The Executive Committee—let’s see, the board at that time was meeting four times a year. I believe the Executive Committee met three times a year in between those meetings, and primarily just try to do operational stuff to keep up with making sure the Institute operated. Anything in terms of policy was done by the Board at large. This, as I say, was just to address the operational aspects.

Hochheiser:

One thing that makes me curious is, as you may know, the Board of Directors eliminated the Executive Committee.

Cain:

[Interposing] I was surprised. I was [in] Piscataway when they were meeting, and when I heard that I have to admit I was surprised. Where the conflict arose or what the issue was, I have never heard.

Hochheiser:

I was curious as to what the Executive Committee did that it existed for all these many years, but the board now could decide it was—

Cain:

Yes. And particularly the Board only meets three times a year now too, so things happen. [Laughter]

Hochheiser:

Yes.

Cain:

In those intervals, so I’m not sure what arrangements they made to handle that.

Hochheiser:

Before I move on to the presidency, can you think of anything else from your IEEE activities up through the early nineties that we didn’t cover?

Cain:

No, I think you’ve hit pretty much—as you saw from the résumé that I sent you, there were a lot of other committees that I served on, but most of them centered around educational activities or publications related activities.

Hochheiser:

If there were any specific activities involving you that we have not covered, I’d certainly be happy to hear about it.

Cain:

No, I think we went through the fact that there was a whole succession and model curriculum reports beyond what I did. I think that, like accreditation, has been a tremendous service on the part of the Institute to the profession and to academia. Certainly the evolution in publications has been significant also, so I think that the model curriculum stuff, the EAB stuff in general, we did put together a film sequence, again back in the dark ages when the microprocessor first came out—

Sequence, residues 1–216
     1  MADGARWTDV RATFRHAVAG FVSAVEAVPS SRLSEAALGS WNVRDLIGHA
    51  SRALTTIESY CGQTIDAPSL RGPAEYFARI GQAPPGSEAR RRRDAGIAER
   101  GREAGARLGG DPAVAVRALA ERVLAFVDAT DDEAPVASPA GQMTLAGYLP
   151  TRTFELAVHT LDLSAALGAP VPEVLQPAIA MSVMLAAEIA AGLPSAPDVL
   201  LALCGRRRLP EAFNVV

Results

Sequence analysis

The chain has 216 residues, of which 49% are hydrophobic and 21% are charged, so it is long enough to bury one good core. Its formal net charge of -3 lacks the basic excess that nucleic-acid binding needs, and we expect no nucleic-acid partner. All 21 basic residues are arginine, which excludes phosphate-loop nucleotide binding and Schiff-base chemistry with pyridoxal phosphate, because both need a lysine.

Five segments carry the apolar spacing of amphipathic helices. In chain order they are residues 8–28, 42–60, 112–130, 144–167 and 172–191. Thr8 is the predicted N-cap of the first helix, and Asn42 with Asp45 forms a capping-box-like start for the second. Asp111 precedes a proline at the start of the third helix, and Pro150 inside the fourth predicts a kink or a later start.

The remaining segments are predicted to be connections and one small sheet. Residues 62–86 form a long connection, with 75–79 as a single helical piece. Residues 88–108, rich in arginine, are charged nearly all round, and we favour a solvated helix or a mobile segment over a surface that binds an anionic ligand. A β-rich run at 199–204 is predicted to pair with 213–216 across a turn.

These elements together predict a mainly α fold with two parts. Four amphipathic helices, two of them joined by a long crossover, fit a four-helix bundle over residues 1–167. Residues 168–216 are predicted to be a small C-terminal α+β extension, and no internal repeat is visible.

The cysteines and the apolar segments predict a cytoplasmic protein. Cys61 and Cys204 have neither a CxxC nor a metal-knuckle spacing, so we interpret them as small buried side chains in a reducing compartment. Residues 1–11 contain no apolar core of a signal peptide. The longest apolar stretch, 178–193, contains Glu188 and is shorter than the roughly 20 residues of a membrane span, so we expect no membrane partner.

Hochheiser:

[Interposing] Right.

Cain:

—that it was available, that type of thing. And, but I think most of my activities related one way or the other to those two parts of the Institute, both at the Society level and at the Institute level.

Nominated for IEEE President

Hochheiser:

How and when did you decide that you were interested in being the president of the Institute?

Cain:

Well, to be honest with you, the first time someone suggested it, very much like in the days of the Computer Society. I said I don’t see how I could possibly do it. But then I was approached again, for, the same cycle, the election that made me president elect in ’94, and the second time I said okay, let me go back and talk to the administration back at the University.

Hochheiser:

Right.

Cain:

I said, because I can see that the demands are going to be the—I’m not sure what the impact would be on teaching, let alone research. And I came back to the University and the chairman at that time, and the dean supported it. They decided that I would not have to do regular classroom teaching. I had a bunch of senior design projects, and a bunch of committee assignments sort of to make up for it, but it meant at least if I had to travel, I wasn’t missing classes. So I came back and said okay, I’ll give it a try. And sure enough, in that election in the fall of ’93 I was elected, and did serve as president-elect in ’94 and president in ’95, and past president in ’96.

Hochheiser:

So you were nominated by the Board.

Cain: